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Dáil Éireann debate -
Tuesday, 6 Oct 1998

Vol. 494 No. 4

Other Questions. - Appeal Against Commission Fine.

Eamon Gilmore


82 Mr. Gilmore asked the Minister for Agriculture and Food the latest position regarding the appeal by the Government against the £70 million fine imposed by the EU Commission for alleged breaches of regulations; when it is expected that the matter will be finalised; and if he will make a statement on the matter. [18414/98]

The European Court of Justice delivered judgment in favour of the EU Commission on 1 October 1998. Ireland had appealed the EU Commission's decision to disallow £50,243,111, or 10 per cent and 5 per cent of intervention beef expenditure in 1990 and 1991 in respect of the control system for intervention beef, and £18,475,350 or 2 per cent of intervention beef expenditure in 1991 and 1992 in respect of tendering procedures for beef purchased into intervention. The court upheld the Commission position as regards weaknesses in the control system for beef intervention in 1990 and 1991 and ruled that the Commission had taken account of measures by Ireland to remedy these when it reduced the 1991 penalty from 10 to 5 per cent. As regards tendering, the court ruled that there had been an infringement of article 9(2) of regulation No. 859/89 and that member states have a general obligation to take the measures necessary to satisfy themselves that the transactions financed by the EAGGF are executed correctly even if the specific Community Act does not expressly provide for the adoption of particular supervisory measures. The court also rejected similar appeals lodged by Denmark, France, Italy and the United Kingdom.

In budgetary terms, the judgment has no immediate effect in that the transfer of the amount of disallowance to the EU budget took place when the Commission took the clearance decision in 1996. The disallowance arose during a period when it was necessary to have consideration of intervention support because of a market collapse in the beef sector and the Department's control systems were put under enormous pressure by annual intake levels of more than a quarter of a million tonnes or 750,000 animals. Since that period control systems have been considerably improved with the assistance partly of increased resources, and a subsequent EU Commission inquiry into intervention beef controls at slaughter plants and cold stores endorsed these improvements.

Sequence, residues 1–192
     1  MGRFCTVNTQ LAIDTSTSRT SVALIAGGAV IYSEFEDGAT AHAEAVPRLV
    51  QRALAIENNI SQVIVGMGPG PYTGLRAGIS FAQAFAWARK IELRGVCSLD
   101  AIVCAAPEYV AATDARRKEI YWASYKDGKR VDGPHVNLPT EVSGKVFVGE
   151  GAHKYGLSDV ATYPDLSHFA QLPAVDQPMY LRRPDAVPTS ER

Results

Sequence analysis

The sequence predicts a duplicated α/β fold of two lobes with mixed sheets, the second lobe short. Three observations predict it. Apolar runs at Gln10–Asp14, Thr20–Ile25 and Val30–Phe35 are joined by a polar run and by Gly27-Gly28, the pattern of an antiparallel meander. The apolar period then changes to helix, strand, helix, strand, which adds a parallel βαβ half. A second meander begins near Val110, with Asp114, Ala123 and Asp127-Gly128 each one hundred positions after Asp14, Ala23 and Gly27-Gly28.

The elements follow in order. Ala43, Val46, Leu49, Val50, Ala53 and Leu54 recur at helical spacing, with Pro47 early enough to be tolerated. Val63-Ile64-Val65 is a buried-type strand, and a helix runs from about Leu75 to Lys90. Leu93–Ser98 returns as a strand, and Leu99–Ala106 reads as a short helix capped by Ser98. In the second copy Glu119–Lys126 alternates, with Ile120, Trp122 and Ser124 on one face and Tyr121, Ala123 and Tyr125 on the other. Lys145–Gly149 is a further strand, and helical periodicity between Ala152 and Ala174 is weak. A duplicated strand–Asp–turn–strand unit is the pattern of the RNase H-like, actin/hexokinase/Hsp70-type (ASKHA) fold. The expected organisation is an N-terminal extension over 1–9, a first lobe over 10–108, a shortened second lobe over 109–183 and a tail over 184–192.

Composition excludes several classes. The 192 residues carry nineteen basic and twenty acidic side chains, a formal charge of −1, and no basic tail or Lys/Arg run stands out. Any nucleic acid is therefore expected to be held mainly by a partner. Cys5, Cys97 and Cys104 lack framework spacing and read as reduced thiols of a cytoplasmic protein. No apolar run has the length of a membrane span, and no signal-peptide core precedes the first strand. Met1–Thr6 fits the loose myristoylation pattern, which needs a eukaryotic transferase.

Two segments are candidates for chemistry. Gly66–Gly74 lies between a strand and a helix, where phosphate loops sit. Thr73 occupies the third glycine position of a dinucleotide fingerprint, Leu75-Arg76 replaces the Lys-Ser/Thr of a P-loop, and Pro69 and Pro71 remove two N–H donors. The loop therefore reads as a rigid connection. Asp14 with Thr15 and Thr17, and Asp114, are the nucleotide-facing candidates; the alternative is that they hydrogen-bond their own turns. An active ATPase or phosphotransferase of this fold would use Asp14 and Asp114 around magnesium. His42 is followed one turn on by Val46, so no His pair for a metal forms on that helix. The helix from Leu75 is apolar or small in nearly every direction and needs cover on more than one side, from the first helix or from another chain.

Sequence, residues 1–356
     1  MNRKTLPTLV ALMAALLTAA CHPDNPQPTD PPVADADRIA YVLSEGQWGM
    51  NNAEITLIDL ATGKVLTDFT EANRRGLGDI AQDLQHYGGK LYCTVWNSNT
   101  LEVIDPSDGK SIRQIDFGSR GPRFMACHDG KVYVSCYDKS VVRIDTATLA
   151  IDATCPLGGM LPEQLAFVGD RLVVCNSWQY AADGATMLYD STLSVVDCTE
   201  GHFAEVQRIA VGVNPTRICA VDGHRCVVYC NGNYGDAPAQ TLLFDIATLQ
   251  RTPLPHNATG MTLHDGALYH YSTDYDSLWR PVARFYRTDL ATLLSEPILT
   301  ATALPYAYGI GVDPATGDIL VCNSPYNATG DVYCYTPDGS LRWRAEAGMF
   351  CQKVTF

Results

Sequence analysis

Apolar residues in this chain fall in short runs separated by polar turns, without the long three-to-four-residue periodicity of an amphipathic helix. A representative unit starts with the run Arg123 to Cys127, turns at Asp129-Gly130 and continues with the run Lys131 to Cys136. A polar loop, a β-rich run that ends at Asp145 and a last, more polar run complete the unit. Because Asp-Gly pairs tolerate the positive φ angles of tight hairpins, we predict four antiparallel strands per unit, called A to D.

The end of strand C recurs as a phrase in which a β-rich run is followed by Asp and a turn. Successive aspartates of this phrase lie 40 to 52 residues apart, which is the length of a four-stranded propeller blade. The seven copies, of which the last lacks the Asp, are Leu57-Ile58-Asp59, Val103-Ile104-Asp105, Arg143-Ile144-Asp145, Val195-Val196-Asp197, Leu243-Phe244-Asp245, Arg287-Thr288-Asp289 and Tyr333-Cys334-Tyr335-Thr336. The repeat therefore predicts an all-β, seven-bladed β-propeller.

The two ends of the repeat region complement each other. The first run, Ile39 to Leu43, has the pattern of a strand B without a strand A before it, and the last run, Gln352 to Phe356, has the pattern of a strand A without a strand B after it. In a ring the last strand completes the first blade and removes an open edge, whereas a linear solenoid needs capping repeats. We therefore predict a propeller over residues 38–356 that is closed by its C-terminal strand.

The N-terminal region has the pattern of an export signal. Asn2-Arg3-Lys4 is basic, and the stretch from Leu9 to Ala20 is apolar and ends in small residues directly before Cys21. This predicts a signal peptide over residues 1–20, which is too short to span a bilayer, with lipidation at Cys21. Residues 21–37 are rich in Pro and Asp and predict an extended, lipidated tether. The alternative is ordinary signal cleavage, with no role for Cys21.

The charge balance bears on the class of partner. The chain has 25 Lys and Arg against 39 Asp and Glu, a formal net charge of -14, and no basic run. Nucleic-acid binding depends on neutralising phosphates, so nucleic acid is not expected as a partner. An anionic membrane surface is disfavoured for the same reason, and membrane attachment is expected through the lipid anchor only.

While it is disappointing that the court has confirmed the disallowance, the judgment emphasises the need for continuous vigilant controls to ensure sound management of annual EAGGF payments of £1.3 billion in Ireland. Ireland's performances in recent years compares favourably with other member states but the aim must be to have control systems in place which eliminate disallowances entirely.

This would appear to be the end of the appeal process and that the taxpayer is now stuck with a fine of £70 million because some big players in the beef industry swindled large sums of EU funding, in some cases with the collusion of the Minister's Department. In view of that, has the Minister recovered any of the money which has been lost due to irregularities or negligence? What steps is he taking to recover the money which was lost in 1990 and 1991?

It is a surprise to me that there was collusion between my Department and others. I stand behind my Department and officials——

It is in the Advocate General's comments.

——who are the best in the country. I am proud of those people who work hard, did an excellent job long before I entered the Department and who will probably do so after I leave. On the best legal advice available to us, the Attorney General, the Department of Agriculture and Food and its officials, we do not see any recourse in terms of recovery of the funds. It is a major disappointment and a terrible state of affairs. Four countries, Ireland, Denmark, France and the United Kingdom, were involved in that court case.

Is the Minister seriously telling this House that a poor man on unemployment assistance who does a few nixers will have to pay back the money but a beef baron who swindles millions of pounds of taxpayers' money will not have to pay back a penny? Does he agree there is a provision in article 8 of the relevant European regulation which requires him to recover the money? What is he doing to comply with the EU regulation requiring him to recover the money?

I do not want to repeat myself but on the best legal advice available to us, there is no route for recovery. That is the honest answer to the Deputy's question. I said it was disappointing and it is annoying that this should happen and that any beef baron is involved in this matter.